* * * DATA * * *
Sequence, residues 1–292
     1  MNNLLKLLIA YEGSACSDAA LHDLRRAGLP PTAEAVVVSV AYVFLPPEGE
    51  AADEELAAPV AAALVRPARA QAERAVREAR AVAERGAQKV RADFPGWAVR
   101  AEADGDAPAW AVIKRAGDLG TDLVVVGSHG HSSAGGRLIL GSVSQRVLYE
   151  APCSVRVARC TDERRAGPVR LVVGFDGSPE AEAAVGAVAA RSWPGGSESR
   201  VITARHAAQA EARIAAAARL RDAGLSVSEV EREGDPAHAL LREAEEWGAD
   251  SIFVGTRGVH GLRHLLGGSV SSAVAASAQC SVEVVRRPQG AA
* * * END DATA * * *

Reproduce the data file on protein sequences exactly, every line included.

Sequence, residues 1–292
     1  MNNLLKLLIA YEGSACSDAA LHDLRRAGLP PTAEAVVVSV AYVFLPPEGE
    51  AADEELAAPV AAALVRPARA QAERAVREAR AVAERGAQKV RADFPGWAVR
   101  AEADGDAPAW AVIKRAGDLG TDLVVVGSHG HSSAGGRLIL GSVSQRVLYE
   151  APCSVRVARC TDERRAGPVR LVVGFDGSPE AEAAVGAVAA RSWPGGSESR
   201  VITARHAAQA EARIAAAARL RDAGLSVSEV EREGDPAHAL LREAEEWGAD
   251  SIFVGTRGVH GLRHLLGGSV SSAVAASAQC SVEVVRRPQG AA